Build Me an iPhone App
iPhone mania stretched all the way to C-level suites across corporations worldwide. Marketers who rarely had access to chief executives were summoned to corner offices only to leave with a firm marching order—build us an iPhone app now.
The mandate was largely driven by naïve views that the introduction of an iPhone application would land a company space on the cover of the Wall Street Journal. That was proved to be a fallacy as Apple’s App Store grew to more than a half million apps and the mere activity of creating an application was for journalists anything but news.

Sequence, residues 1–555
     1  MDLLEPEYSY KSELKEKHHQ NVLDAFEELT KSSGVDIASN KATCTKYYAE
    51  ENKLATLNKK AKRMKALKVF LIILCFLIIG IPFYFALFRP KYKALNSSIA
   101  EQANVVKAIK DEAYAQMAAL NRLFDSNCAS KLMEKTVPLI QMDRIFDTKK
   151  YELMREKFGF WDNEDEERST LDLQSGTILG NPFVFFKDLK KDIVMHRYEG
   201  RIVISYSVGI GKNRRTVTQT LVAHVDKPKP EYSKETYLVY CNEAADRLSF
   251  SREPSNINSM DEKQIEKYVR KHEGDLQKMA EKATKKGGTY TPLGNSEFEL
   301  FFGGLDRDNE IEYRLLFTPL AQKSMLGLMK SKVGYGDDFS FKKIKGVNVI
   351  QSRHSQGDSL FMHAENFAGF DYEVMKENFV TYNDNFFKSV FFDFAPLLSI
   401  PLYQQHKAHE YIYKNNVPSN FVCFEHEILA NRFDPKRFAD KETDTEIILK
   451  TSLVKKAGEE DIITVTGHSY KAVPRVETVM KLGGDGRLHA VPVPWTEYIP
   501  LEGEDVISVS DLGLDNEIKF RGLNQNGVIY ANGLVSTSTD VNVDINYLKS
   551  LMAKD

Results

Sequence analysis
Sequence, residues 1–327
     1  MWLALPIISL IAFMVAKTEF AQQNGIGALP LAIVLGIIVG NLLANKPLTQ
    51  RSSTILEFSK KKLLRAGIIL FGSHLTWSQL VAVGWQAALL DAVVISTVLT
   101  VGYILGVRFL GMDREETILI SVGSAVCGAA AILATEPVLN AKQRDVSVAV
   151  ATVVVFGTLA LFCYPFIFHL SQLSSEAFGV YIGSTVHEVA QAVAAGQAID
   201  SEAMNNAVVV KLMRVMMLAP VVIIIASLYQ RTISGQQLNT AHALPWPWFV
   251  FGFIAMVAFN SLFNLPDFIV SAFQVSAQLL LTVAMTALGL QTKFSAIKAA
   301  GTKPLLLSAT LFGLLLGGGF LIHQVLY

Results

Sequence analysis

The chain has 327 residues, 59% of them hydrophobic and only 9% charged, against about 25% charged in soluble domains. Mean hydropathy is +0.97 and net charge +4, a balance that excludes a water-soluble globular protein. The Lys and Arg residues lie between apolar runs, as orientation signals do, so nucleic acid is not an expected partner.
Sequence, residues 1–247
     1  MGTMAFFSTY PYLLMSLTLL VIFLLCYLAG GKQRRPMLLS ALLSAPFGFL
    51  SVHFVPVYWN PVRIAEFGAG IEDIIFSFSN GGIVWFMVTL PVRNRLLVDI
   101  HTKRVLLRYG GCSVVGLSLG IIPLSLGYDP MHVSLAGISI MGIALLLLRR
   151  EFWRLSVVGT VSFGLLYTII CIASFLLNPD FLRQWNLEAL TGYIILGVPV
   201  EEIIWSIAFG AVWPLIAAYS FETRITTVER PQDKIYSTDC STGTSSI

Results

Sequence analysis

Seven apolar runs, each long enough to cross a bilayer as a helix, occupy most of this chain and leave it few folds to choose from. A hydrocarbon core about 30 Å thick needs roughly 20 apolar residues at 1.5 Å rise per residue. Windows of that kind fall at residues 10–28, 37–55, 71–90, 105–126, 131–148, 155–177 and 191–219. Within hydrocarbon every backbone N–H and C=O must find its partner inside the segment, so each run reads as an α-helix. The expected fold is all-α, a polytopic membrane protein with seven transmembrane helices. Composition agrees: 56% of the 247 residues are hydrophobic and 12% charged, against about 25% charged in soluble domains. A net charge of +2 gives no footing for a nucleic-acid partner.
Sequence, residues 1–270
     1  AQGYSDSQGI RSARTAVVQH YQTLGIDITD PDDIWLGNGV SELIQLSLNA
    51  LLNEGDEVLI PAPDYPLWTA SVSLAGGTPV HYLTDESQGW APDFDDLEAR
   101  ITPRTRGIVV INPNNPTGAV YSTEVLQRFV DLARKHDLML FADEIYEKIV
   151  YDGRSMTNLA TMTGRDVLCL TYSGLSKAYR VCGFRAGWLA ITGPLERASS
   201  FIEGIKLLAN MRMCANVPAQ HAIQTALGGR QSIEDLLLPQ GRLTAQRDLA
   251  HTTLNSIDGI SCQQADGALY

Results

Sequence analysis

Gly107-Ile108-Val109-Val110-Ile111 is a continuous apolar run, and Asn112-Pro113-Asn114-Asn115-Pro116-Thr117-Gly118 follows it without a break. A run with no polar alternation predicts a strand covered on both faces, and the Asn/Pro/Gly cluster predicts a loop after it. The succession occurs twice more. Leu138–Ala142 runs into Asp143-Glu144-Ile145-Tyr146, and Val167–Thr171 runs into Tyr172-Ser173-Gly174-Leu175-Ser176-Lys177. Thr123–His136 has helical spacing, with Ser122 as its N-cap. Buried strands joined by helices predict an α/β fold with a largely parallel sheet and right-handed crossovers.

But marketers intent on keeping their jobs charged their in-house and outside teams with app development even if it made no sense. More than one business traveled this unwise path despite the fact that their consumers or prospects were outside of the initial iPhone demographic—young, affluent, and early adopters of technology.
Hipcricket counseled clients to be more strategic, oftentimes to use text messaging for reach because this capability was available on well over 90 percent of handsets. In some cases, it was recommended that brands add on an app to deliver a richer brand experience. The downside was the app was rarely available in all carrier app stores and could be downloaded only by more robust devices.
Joy Liuzzo of InsightExpress (see Chapter 5) provided similar advice.
“When I first starting talking to brands and agencies back in 2007, my strategy was to educate, educate, ...